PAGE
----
This is one of four videos in the "Buddy Davis' Amazing Adventures series" and is produced by the creationist group Answers in Genesis and their creationist worldview is evident throughout. For example, in one short interlude we learn about how many caves may have been formed by the Flood.

Cautions

The only caution I can come up with is that at least a couple of the Scriptural references Davis shares are on the random side, not particularly relevant to what he is trying to relate them to. But this is only a minor quibble in this remarkable video.

Conclusion

As far as children's productions go, this is a longer video at just about an hour long – if you have young children you might want to watch this in two parts. What I most appreciated about it is it is something the whole family can enjoy, with lots of fun for the kids, and lots of amazing sights to see for the adults. Shucks, this has me think of checking out the Cumberland Caverns for myself!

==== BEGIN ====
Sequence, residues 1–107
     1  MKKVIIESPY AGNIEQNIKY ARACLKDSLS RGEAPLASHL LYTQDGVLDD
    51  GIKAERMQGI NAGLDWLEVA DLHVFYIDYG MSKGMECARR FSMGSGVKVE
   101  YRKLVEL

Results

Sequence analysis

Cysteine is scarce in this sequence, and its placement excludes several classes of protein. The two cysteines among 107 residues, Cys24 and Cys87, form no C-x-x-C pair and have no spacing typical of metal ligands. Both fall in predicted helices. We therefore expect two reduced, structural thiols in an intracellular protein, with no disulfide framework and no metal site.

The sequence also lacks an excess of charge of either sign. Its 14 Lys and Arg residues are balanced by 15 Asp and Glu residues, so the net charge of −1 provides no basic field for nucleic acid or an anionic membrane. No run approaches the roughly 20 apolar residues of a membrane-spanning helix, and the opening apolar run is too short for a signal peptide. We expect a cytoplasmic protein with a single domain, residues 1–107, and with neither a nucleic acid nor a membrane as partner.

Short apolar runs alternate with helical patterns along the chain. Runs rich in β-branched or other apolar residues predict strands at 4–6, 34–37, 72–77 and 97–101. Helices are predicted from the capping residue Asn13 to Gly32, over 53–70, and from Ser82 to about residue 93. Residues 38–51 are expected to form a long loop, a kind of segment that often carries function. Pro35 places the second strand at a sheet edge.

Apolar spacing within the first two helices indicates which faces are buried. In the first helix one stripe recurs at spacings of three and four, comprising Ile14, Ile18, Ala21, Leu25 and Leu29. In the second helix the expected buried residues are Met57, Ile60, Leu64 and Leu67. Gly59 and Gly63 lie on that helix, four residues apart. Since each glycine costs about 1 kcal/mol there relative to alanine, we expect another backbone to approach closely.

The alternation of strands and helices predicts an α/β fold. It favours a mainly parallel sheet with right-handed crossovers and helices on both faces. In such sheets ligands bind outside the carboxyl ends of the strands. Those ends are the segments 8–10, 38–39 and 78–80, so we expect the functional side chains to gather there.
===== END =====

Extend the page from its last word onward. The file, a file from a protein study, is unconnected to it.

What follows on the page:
You can buy this at www.answersingenesis.org/store/ (just search for "buddy davis amazing").


Friday, April 15, 2016

The Wright Brothers (Animated Hero Classics)

Animated
27 minutes / 1996
RATING: 7/10

As an educational tool, this is amazing. In just the first 15 minutes we get to see the history of aviation develop from disastrous first attempts at gliding to the Wright brothers' first successful powered flight.